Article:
Today it’s the blog blitz for Sherlock Holmes And The Singular Affair. I’m sharing my Q&A with the author with thanks to Rachel Gilbey at Rachel’s Random Resources for inviting me on the blog tour and to MK Wiseman for answering my questions!
Have you always wanted to write?
I have always loved books but, no, writing was not something which occurred to me until recent years. It just never sank in for me—even as an avid reader—where it is that books come from. To my mind, stories just magically *existed* and that was that. But then, one day, I started writing, just as an exercise to get an idea out of my head which was rattling around in there, and after that I never really stopped writing. Oops. 🙂
What were your previous jobs? Have they helped you with your writing process?
In hindsight, something in me really wanted to write books, even if I wasn’t fully aware of it. My undergraduate studies centered on video and animation. Storytelling. And then I completed a graduate degree in Library Science because: books! To this day, I still storyboard things as part of my process and my librarian background is super helpful when I engage in historical research.
What was your inspiration for Sherlock Holmes & the Singular Affair?
In my first Sherlock book, my goal had been to really look at the friendship of Holmes and Watson. And though Singular Affair is a prequel to the Baker Street era (and thus set before Holmes meets Watson) I wanted to, again, ask such questions as might give us a fresh look at their partnership: what is it that led Holmes to seek out a companion; where was his mind at with regards to what sort of person he might want to live with?
So it’s a flip side view of my prior book, in some respects. Also, after the seriousness of the Ripper story, I wanted to run as far into farce and fun as I dared.
How do you construct your characters? Do they have traits of people you know?
My Sherlock books are a little different in that they are Conan Doyle’s characters and I am just playing in that sandbox. I keep a number of resources at hand to ensure that I get certain motions, certain habits, correct as regards official Canon. But there is some leeway in writing from Holmes’ point of view rather than Watson’s. It’s fun to pick out what I believe Watson was truthful on and what he might have fudged for the reader. As for anyone I make up from wholecloth, I don’t think I am consciously picking out anything specifically from people I know. Sometimes it’s a matter of “pick a trait by throwing a dart at a board” and sometimes its just a game of opposites/make sure this or that person is unlike the others for variety’s sake/for ease of reading.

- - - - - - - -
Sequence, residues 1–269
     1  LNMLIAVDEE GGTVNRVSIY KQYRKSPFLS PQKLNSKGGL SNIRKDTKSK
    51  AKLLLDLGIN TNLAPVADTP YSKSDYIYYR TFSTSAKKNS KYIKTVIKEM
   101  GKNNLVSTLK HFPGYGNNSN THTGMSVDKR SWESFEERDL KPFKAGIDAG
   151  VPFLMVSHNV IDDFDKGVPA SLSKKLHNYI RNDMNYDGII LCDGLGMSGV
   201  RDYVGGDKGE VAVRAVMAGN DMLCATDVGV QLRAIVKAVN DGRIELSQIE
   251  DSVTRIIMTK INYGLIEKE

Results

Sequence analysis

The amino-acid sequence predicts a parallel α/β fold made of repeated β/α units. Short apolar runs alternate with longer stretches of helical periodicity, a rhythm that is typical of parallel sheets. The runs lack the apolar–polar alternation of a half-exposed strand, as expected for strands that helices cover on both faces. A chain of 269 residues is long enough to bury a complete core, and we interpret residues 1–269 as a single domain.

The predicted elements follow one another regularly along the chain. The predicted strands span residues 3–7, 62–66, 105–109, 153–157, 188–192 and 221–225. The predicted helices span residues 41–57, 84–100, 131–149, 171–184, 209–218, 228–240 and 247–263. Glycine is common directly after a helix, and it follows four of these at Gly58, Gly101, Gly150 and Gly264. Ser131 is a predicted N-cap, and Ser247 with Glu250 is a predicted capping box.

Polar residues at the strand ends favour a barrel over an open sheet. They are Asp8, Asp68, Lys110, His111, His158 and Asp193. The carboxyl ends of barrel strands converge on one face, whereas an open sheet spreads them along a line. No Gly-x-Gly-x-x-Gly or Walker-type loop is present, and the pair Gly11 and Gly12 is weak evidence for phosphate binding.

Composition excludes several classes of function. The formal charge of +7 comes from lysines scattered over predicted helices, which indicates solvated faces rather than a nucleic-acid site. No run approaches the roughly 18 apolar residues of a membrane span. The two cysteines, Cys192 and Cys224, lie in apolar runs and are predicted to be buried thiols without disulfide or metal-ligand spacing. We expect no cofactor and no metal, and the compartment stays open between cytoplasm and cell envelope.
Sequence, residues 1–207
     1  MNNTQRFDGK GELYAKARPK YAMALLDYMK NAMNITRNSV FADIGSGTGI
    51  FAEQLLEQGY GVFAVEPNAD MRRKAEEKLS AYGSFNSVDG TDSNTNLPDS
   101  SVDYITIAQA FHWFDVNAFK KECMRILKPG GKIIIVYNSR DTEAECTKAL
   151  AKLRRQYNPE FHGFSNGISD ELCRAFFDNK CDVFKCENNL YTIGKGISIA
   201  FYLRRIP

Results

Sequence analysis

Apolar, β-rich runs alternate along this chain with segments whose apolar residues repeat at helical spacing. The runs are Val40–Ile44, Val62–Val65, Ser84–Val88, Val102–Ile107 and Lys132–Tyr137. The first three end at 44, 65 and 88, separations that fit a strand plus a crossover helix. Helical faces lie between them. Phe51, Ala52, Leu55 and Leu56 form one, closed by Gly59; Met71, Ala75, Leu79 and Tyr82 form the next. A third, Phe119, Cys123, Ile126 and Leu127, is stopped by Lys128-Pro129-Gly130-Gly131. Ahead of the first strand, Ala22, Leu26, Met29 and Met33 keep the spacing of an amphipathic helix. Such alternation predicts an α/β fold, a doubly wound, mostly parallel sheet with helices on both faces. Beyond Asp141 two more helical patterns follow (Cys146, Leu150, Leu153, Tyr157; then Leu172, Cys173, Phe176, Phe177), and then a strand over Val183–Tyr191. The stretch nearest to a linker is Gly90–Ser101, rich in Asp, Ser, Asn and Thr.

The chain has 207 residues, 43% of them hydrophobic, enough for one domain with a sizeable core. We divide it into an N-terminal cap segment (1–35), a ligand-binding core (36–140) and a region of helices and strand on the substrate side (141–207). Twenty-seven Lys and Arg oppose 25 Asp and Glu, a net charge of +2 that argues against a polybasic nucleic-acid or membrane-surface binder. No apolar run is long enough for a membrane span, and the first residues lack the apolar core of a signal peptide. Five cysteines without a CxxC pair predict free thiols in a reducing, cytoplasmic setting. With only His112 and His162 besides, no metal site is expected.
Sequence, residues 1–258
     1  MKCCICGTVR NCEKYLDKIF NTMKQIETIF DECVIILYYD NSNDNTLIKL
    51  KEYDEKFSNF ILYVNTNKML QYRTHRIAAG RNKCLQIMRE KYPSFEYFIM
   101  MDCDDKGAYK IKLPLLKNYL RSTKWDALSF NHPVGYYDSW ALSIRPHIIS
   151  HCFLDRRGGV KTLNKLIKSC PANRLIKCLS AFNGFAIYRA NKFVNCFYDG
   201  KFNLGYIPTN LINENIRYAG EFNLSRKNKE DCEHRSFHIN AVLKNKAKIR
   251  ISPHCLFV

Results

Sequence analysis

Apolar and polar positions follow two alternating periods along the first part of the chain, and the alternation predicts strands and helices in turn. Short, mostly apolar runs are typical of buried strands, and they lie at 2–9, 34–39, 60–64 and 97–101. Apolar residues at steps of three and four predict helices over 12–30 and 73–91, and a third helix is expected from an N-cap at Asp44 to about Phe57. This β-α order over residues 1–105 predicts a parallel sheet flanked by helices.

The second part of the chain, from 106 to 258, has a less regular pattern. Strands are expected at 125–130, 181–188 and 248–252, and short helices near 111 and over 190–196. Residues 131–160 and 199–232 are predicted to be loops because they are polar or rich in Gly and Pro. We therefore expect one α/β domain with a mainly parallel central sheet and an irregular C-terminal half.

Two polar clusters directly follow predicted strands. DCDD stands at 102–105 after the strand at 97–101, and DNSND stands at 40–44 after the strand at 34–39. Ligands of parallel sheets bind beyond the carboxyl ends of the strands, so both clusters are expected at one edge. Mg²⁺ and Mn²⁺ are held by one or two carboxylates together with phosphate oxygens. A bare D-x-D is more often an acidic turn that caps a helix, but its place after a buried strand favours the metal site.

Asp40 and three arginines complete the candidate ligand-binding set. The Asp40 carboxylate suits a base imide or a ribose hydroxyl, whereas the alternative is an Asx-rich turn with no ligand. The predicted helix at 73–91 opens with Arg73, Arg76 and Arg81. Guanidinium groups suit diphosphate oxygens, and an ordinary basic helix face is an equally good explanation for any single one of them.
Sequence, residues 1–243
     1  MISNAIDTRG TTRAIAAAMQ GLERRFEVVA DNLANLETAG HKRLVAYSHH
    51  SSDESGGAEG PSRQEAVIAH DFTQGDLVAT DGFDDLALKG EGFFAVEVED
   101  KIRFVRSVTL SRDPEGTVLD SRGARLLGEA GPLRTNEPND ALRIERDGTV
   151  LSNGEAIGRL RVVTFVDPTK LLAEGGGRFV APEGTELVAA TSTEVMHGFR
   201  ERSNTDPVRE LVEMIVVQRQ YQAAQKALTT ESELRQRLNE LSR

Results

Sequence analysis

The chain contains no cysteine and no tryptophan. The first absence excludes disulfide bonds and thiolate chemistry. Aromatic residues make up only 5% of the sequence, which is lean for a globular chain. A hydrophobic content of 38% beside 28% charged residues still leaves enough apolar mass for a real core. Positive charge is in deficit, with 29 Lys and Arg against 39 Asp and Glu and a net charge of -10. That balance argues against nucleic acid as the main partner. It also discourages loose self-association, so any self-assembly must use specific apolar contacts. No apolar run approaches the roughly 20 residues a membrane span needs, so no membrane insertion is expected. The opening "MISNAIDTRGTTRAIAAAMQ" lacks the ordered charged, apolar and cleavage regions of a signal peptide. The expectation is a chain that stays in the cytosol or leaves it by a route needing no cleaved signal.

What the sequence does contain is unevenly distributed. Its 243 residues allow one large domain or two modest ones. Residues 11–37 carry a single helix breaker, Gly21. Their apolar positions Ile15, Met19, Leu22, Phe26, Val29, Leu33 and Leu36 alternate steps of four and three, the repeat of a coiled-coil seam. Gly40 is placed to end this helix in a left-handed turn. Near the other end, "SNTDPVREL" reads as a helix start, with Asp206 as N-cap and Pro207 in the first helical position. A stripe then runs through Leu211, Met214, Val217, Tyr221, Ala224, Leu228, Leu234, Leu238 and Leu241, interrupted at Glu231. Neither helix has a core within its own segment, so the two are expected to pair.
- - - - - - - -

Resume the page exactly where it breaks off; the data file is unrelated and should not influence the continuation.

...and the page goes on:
What does your writing process look like? Are you a plotter or a pantser?
I am a very detailed plotter. Granted, the initial charts, spreadsheets, outlines rarely survive for long without massive changes overhauling everything time and again. But once everything locks in properly for me, I have pretty much set all the details—and some of the dialogue, even—before I work on putting the story into prose. This is actually the same for me whether it’s a mystery or a fantasy tale.
How did you research? Did you enjoy it?
I looooove research. 1. It’s interesting 2. I get to buy really cool books! (Most recently I bought a facimile of a late-1800s railway chart.) Frankly, I enjoy knowing what Sherlock Holmes’ pocket change would have been or what concerts he might have attended.
Who are your favourite writers? Are you influenced by them?
I am sure that the influence happens when one reads as much as I do, but I don’t feel like I’ve been influenced in any directly measurable way. My husband has accused my “such” (a word I tend to use in a manner that, apparently, is not all that common these days?) as being from Conan Doyle.
For reader-me, though, the best thing that can happen when I am reading is: to be surprised. I forever love a turn of phrase that my brain wouldn’t have come up with in a million years. Margaret Weis and Tracy Hickman books are like coming home for me. Ursula Le Guin and Douglas Adams have a way of observing things that I just adore. Dickens drives me mad at times, but sometimes his prose just shimmers. And the mind of Tolkien forever impresses me.
If you could invite three people, living or dead, to dinner, who would they be and why?
I’ve had a year with a fair bit of loss in it so I’m trying not to make this super personal, admittedly. But the reality is that I’ve some family I’d love to have home to dinner one more time.
Who would you least like to be stuck in a lift with and why?
Someone who panics would not be good for me. (I’m probably the someone that someone else doesn’t want to be stuck in a lift with . . . due to said panic.)
Who would play the main character/s in a film version of Sherlock Holmes & the Singular Affair?
Gosh, I don’t know actors! Truly, I am terrible with names and faces and am forever relying on my husband to know who is starring in this or that. I am, however, a big fan of how Mr. Jeremy Brett played Sherlock Holmes in the ‘80s Granada TV series. Can I cheat and say him, since this is wishing time? 😉
What do you like to do in your spare time?
I play a couple of instruments. This past summer I became a hobbyist beekeeper. I have a tendency to go on long meditative walks. And *blush* I am super into Fortnite.
What is next for you?
More books! Wahoo!! I am currently working on my next Sherlock Holmes & book but I am looking to get back into fantasy, too. I miss my wizards. Admittedly, I wish I could just blink and have books done and ready. The writing process has, lately, been a major source of frustration for me—I am a slow writer with very short patience when it comes to my own work.
The Long Dark Tea-Time of the Soul by Douglas Adams
The 10th Kingdom
Albuquerque, New Mexico
(I grew up there)
Plain as they come
Sherlock Holmes And The Singular Affair is available from Amazon.